Consumers can expect to shell out more for their Thanksgiving Day turkey, see rising beef and processed-food prices and even see changes at their favorite restaurants as the skyrocketing price of corn snakes through the economy.
The U. S. Department of Agriculture expects to see food prices rise as much as 4.5 percent in some categories, as prices for the remains of the drought-stricken corn crop have hit as much as $8 a bushel.
In Idaho, where corn fields are largely irrigated, the crop is in good shape. But demand for the product is high, drawing interest from out-of-state cattle operations looking to feed their herds.
Locavore, a restaurant in Southeast Boises Bown Crossing development, may revise some of its recipes to reduce corn and help hold the line on food costs, said chef-owner Christine Reid.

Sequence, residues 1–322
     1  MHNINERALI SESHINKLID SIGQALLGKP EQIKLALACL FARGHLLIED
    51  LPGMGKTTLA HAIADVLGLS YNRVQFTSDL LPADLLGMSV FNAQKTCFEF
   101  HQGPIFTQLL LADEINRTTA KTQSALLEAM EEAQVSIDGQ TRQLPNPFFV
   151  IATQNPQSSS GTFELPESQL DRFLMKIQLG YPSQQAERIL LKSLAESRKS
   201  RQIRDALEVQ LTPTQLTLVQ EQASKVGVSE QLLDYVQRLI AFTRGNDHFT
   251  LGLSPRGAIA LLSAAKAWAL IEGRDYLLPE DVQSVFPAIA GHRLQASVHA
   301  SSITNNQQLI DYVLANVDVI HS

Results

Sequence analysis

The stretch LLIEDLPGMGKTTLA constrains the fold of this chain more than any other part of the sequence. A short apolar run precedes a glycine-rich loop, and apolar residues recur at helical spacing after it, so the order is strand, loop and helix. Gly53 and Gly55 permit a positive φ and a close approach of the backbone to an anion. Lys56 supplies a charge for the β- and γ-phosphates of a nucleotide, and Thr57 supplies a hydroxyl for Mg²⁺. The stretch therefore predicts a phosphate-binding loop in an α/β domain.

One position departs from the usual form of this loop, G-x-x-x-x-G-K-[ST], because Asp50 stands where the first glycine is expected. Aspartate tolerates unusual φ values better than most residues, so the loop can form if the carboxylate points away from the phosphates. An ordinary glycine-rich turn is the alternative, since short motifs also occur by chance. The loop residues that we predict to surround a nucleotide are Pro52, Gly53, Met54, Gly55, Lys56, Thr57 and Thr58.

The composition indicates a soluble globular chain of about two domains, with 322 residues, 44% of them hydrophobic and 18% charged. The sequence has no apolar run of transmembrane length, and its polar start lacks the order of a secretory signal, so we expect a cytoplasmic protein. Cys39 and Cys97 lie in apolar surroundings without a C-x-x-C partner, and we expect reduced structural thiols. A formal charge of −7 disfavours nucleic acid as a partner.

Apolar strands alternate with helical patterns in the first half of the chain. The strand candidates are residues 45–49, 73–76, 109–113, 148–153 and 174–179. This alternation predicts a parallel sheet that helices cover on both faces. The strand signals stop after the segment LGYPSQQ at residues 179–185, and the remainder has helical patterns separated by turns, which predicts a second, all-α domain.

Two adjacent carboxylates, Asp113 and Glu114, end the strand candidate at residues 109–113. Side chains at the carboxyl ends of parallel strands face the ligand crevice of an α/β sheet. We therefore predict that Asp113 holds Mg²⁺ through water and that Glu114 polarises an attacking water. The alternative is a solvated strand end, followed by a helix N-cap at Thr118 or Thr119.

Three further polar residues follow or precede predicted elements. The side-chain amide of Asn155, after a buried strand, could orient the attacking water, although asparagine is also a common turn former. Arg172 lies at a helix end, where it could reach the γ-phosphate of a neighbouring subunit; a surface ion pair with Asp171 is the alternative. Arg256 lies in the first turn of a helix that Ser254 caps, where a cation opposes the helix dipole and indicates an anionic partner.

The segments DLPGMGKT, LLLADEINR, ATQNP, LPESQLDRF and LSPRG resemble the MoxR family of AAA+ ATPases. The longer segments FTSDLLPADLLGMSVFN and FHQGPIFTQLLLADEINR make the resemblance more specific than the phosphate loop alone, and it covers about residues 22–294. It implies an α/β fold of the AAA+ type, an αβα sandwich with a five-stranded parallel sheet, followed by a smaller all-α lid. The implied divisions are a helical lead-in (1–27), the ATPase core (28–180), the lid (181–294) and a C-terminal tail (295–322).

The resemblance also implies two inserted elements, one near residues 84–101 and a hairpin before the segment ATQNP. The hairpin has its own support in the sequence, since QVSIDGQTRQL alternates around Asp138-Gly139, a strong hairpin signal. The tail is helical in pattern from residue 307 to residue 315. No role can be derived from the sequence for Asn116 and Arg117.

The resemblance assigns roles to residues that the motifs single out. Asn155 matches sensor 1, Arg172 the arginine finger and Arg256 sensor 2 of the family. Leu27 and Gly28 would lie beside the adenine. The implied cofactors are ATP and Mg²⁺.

Dairies, which have been hard hit by rising feed prices in recent years, are getting hit again as corn prices increase. Some Idaho dairies are moving away from food mixtures that optimize milk production, because they are too expensive. Thats expected to lead to a reduction in milk production.
Cattle feed lots are also feeling the squeeze. Beef is selling at market for about $1.20 a pound, but costing up to $1.30 a pound to fill cattle out on feed lots.
Bill Roberts: 377-6408